2 years ago
Pittsburgh is surprisingly central to Uber’s success. Since the end of 2014, Uber has hired dozens of experts in autonomous vehicles from the city’s Carnegie Mellon University robotics department. Uber’s goal, according to Bloomberg, is “to replace Uber’s more than 1 million human drivers with robot drivers—as quickly as possible.”
Uber’s already finding success, as by the end of August they intend to “allow customers in downtown Pittsburgh to summon self-driving cars from their phones.” Modified Volvo XC90 sport-utility vehicles with dozens of sensors that use cameras, radar, lasers, and GPS receivers make up the fleet. (And each car will still have a person in the driver’s seat for the time being, though this individual shall theoretically be just an observer/supervisor, not a driver.)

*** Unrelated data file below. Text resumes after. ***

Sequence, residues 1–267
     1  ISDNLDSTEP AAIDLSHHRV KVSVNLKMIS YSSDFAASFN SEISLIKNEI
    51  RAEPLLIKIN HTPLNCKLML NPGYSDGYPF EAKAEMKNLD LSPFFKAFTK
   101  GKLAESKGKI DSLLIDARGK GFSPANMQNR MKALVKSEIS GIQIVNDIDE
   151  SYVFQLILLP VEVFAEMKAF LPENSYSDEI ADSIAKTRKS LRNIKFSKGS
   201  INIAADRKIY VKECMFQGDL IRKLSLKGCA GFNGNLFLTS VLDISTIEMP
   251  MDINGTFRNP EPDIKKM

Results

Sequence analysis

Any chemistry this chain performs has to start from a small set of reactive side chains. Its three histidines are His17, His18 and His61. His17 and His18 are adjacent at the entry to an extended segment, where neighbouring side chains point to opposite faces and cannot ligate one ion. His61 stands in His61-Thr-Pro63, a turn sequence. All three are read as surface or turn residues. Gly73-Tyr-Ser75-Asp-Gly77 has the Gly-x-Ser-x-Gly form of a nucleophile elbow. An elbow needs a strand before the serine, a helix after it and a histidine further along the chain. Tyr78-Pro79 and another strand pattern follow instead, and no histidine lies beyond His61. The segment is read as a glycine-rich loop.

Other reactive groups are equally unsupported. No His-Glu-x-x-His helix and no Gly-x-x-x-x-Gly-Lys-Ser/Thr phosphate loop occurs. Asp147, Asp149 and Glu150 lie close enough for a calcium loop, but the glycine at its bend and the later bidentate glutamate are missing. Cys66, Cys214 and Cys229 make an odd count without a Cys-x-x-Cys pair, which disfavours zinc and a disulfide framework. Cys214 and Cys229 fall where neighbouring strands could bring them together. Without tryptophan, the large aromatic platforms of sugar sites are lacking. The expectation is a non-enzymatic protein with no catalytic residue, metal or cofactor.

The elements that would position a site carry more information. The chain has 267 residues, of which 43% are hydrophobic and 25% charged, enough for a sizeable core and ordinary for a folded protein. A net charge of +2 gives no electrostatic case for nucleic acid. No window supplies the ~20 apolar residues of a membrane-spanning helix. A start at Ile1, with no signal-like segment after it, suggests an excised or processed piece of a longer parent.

Currently Tesla, Google, Apple, and other companies are locked in a race to bring a driverless car to market. Will this be the breakthrough the industry has been seeking? Or will it prove a step back, with humans forced to intervene to prevent glitches or even outright accidents? Whatever happens, Pittsburgh is on the verge of automotive history.
To read the full Bloomberg article, click here. You can also watch a video on the launch below.